Last Fall, the excellent Jim Fleming (Boston University Law School) organized a fun conference on “America’s Political Dysfunction: Constitutional Connections, Causes, and Cures.”
Part of the conference was a panel inviting Sotirios A. Barber (Notre Dame) and yours truly to critique each other’s books on federalism—respectively, The Fallacies of States’ Rights (Harvard UP, 2013) and The Upside-Down Constitution (Harvard UP, 2012). Both of us took the assignment quite seriously.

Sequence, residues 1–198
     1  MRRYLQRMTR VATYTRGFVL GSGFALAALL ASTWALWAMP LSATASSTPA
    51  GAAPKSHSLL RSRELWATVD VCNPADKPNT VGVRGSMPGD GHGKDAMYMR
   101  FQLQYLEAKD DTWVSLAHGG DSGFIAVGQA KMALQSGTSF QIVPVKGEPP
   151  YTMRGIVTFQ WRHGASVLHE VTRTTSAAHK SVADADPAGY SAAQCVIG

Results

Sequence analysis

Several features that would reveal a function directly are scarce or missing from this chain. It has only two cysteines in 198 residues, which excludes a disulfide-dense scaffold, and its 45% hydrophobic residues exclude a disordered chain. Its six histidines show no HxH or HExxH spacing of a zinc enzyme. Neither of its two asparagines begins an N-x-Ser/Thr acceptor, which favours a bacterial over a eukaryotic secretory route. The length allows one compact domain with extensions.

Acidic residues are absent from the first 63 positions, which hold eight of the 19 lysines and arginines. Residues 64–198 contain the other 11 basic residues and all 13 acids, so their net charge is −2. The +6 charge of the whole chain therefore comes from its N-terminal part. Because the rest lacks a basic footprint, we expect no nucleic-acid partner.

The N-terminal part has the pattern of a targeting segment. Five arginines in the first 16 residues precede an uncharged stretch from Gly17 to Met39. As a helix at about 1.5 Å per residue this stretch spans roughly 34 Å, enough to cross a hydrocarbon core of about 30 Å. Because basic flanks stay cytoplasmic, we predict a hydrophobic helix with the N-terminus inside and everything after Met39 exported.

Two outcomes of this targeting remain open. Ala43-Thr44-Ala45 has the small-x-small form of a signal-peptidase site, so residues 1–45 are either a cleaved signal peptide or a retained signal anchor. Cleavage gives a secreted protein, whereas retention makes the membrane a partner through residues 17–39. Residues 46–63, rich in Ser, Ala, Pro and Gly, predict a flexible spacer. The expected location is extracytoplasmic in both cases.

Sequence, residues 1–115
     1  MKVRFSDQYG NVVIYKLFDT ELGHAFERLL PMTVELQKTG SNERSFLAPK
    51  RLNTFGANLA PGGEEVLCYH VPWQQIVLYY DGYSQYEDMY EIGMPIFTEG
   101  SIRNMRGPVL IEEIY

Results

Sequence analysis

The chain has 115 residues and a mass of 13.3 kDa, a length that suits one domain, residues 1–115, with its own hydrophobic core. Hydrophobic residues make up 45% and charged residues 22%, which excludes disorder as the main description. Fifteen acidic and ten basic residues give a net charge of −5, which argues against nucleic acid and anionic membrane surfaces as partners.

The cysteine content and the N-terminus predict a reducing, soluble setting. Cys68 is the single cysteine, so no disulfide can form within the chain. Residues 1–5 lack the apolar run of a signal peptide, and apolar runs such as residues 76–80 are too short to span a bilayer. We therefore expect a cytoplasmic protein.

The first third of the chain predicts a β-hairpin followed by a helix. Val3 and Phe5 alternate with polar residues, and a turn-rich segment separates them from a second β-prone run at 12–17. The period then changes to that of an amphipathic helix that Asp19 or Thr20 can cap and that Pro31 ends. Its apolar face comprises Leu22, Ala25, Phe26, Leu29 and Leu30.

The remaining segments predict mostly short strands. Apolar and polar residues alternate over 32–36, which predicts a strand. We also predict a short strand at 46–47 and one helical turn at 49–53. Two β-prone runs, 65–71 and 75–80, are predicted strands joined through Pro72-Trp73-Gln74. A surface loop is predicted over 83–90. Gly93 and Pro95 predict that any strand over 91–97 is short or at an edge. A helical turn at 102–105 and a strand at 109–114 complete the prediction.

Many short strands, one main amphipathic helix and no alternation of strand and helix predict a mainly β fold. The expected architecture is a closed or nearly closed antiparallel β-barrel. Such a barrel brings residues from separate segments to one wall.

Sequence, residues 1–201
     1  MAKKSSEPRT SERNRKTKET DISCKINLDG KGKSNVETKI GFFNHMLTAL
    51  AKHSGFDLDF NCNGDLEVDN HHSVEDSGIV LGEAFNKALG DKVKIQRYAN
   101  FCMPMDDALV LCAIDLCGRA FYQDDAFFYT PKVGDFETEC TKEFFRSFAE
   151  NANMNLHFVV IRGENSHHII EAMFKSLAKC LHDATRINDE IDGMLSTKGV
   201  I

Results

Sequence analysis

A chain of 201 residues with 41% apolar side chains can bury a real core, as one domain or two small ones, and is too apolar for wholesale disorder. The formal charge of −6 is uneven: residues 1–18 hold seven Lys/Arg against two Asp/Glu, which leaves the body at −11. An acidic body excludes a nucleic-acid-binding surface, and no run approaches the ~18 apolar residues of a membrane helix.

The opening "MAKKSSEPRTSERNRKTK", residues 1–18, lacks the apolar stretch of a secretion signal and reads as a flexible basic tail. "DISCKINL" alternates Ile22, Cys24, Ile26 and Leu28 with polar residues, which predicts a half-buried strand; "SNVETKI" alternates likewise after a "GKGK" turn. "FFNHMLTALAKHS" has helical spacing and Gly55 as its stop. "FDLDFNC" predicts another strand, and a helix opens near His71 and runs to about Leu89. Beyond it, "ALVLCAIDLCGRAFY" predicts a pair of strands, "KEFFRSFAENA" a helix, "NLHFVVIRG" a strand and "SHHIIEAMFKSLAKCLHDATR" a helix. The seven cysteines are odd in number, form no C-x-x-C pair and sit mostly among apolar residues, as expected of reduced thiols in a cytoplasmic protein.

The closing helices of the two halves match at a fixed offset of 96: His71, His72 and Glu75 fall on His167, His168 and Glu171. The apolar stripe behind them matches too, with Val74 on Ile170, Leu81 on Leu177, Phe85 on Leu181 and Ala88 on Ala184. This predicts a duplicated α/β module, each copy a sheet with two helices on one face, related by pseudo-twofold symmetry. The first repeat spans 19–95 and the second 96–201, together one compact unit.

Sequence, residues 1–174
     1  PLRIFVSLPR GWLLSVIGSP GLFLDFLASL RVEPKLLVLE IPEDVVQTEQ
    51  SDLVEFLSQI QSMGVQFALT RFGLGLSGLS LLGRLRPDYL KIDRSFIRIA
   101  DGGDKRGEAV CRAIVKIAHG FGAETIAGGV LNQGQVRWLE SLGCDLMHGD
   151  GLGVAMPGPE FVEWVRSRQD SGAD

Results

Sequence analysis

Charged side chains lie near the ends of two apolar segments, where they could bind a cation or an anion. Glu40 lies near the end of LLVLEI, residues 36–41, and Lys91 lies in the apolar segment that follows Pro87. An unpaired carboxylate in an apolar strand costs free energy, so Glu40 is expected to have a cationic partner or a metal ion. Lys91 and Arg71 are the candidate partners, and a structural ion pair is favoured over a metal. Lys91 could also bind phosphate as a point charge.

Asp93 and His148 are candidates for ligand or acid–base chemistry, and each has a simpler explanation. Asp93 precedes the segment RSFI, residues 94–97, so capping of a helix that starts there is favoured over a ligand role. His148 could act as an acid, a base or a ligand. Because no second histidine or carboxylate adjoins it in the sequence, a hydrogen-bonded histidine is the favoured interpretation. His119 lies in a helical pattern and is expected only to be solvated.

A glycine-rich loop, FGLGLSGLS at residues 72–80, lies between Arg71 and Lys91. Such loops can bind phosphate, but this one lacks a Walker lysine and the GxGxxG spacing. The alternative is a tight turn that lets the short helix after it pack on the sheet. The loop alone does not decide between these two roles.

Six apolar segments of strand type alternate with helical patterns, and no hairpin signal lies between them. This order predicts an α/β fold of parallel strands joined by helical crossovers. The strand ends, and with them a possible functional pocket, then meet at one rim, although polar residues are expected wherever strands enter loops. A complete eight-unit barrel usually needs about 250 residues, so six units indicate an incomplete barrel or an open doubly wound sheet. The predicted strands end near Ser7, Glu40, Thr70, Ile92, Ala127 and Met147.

Let’s just say there’s not a lot of common ground; it’s a rather pointed exchange. To my mind, though, the colloquy illustrates the high utility (as well as the entertainment value) of the bilateral critique format, which I think Jim Fleming invented. Kudos.
What struck me on flipping through the essays for purposes of this post is just how much of a game changer the ACA has been, or become.